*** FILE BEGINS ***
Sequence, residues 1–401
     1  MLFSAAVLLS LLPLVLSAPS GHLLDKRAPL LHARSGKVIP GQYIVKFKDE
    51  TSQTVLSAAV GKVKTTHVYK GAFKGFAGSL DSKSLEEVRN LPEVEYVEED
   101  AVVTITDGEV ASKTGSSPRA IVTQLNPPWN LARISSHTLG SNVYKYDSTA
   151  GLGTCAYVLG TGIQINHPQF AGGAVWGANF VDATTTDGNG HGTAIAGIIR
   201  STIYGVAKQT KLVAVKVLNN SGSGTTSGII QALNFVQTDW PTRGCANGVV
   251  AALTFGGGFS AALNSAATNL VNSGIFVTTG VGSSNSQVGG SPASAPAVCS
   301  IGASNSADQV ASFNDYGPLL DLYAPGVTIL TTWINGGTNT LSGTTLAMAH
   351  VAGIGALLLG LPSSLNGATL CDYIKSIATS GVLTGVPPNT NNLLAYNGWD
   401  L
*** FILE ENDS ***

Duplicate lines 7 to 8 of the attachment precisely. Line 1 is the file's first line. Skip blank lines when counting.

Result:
   251  AALTFGGGFS AALNSAATNL VNSGIFVTTG VGSSNSQVGG SPASAPAVCS
   301  IGASNSADQV ASFNDYGPLL DLYAPGVTIL TTWINGGTNT LSGTTLAMAH